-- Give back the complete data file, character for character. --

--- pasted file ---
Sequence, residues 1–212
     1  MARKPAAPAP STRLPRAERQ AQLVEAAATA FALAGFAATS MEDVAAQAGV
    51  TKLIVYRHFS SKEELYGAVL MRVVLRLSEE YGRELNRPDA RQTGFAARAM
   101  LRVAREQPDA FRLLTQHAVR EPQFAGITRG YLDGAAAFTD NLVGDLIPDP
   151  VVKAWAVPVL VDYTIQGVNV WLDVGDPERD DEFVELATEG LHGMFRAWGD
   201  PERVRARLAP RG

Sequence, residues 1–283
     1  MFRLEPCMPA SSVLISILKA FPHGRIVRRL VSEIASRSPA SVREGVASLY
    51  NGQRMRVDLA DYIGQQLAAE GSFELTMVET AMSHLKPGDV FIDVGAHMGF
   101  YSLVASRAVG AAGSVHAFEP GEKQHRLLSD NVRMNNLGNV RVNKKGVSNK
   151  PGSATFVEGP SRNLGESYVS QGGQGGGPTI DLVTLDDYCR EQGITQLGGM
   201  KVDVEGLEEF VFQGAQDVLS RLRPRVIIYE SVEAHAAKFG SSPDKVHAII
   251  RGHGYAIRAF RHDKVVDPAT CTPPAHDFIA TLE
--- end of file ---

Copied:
Sequence, residues 1–212
     1  MARKPAAPAP STRLPRAERQ AQLVEAAATA FALAGFAATS MEDVAAQAGV
    51  TKLIVYRHFS SKEELYGAVL MRVVLRLSEE YGRELNRPDA RQTGFAARAM
   101  LRVAREQPDA FRLLTQHAVR EPQFAGITRG YLDGAAAFTD NLVGDLIPDP
   151  VVKAWAVPVL VDYTIQGVNV WLDVGDPERD DEFVELATEG LHGMFRAWGD
   201  PERVRARLAP RG

Sequence, residues 1–283
     1  MFRLEPCMPA SSVLISILKA FPHGRIVRRL VSEIASRSPA SVREGVASLY
    51  NGQRMRVDLA DYIGQQLAAE GSFELTMVET AMSHLKPGDV FIDVGAHMGF
   101  YSLVASRAVG AAGSVHAFEP GEKQHRLLSD NVRMNNLGNV RVNKKGVSNK
   151  PGSATFVEGP SRNLGESYVS QGGQGGGPTI DLVTLDDYCR EQGITQLGGM
   201  KVDVEGLEEF VFQGAQDVLS RLRPRVIIYE SVEAHAAKFG SSPDKVHAII
   251  RGHGYAIRAF RHDKVVDPAT CTPPAHDFIA TLE